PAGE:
In James' times there were 3 main indicators of external wealth.
He uses 3 terms to point out the short-lived nature of each one.
First, there was grain- (James 5:2) but he talks about riches rotting, or spoiling.
Second, there was clothing- it was considered wealth to have more than the clothing on your back at that point in time. James' echoes Jesus that clothes are subject to the ruin of moths (Matt 6:19).
Lastly, gold and silver- James knew that these metals were not subject to literal rust but uses irony to make the point that when God brings judgement even these precious metals will be doomed to corruption.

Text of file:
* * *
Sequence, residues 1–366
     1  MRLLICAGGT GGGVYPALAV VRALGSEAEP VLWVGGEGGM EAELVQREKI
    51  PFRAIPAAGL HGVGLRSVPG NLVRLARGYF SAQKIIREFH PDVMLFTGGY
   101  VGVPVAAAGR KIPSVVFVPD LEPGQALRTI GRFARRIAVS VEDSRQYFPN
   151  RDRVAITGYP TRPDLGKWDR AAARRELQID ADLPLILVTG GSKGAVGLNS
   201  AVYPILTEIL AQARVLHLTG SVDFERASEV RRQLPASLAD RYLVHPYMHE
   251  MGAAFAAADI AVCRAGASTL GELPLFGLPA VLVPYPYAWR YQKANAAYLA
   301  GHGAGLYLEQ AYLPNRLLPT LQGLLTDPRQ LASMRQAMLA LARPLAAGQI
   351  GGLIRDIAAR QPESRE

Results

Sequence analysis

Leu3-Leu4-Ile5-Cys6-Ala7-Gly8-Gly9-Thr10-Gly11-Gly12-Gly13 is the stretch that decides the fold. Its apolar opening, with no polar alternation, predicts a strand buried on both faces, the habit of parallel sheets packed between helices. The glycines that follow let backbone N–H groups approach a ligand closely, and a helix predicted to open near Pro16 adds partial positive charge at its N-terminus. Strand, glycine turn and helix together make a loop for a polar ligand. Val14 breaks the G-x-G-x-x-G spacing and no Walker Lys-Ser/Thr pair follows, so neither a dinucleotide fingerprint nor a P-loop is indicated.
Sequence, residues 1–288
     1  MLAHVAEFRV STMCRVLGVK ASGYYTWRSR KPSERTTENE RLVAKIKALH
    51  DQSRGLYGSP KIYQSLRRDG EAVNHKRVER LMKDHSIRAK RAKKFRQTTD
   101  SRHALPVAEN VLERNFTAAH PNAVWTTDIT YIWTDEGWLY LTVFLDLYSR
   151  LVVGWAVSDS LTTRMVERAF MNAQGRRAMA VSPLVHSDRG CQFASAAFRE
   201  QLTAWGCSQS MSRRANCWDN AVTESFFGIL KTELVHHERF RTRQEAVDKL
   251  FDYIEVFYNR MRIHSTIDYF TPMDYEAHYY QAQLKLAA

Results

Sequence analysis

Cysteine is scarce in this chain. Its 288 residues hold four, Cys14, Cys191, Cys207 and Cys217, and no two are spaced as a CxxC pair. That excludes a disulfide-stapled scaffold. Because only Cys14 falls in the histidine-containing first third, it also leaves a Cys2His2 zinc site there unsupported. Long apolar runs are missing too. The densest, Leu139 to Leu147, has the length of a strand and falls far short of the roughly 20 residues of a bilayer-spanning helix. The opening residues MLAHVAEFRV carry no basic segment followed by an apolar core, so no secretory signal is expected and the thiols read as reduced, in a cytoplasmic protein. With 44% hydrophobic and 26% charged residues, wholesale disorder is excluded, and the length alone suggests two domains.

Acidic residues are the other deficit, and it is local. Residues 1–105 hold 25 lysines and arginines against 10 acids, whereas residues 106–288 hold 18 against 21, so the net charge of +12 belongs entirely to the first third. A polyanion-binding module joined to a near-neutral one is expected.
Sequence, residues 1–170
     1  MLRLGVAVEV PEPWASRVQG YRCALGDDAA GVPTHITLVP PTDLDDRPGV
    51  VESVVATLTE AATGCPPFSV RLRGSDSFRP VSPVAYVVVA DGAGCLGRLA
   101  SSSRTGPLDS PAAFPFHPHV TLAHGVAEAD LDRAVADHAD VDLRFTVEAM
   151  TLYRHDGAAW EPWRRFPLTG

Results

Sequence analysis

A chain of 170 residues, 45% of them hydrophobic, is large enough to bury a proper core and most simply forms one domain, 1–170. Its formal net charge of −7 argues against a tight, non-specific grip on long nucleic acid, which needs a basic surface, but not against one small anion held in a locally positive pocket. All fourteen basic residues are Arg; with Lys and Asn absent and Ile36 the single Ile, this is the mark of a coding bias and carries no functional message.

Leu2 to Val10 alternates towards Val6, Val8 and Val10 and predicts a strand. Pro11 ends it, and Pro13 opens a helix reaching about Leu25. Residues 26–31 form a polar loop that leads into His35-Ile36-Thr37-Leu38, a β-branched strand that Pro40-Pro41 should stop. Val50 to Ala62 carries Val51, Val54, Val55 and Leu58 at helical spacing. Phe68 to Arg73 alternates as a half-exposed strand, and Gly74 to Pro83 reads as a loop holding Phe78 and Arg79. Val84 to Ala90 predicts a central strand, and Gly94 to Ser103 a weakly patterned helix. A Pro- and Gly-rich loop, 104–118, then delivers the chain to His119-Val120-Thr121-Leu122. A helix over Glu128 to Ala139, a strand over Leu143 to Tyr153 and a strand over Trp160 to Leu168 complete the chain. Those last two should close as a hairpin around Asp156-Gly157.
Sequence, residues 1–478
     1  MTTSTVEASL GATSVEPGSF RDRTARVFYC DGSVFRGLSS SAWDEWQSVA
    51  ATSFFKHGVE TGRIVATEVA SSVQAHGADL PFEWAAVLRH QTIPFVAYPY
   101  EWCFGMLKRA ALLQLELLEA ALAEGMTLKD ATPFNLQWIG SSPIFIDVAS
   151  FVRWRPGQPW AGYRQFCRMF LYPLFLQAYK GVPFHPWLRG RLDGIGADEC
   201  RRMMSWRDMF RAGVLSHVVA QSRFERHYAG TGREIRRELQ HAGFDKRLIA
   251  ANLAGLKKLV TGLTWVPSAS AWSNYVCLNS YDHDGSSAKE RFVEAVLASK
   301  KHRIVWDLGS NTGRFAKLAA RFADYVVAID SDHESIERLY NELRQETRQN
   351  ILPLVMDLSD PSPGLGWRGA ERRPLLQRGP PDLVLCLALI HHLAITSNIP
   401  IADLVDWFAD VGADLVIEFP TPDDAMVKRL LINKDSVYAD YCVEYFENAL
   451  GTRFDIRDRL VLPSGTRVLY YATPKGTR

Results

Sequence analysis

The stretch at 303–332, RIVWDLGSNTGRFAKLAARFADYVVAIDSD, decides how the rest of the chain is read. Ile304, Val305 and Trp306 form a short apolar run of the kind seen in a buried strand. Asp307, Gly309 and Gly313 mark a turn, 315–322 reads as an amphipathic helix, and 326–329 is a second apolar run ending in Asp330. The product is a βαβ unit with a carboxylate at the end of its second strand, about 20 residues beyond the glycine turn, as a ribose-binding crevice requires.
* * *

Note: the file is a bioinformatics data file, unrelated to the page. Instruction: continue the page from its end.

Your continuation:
When James (5:3) says, “It is in the last days you have stored up your treasure,” he is referring to the entire period between Christ’s ascension and second coming, which is viewed as “the last days” (Acts 2:17; 2 Timothy 3:1, Hebrews 1:2). But death is “the last day” for all of us! As the rich fool in Jesus’ parable found out, he had plenty stored up for this life, but when he died, he was poor where it mattered most—he was not rich toward God (Luke12:16-21).
To be rich without God is to be short-sighted in light of eternity.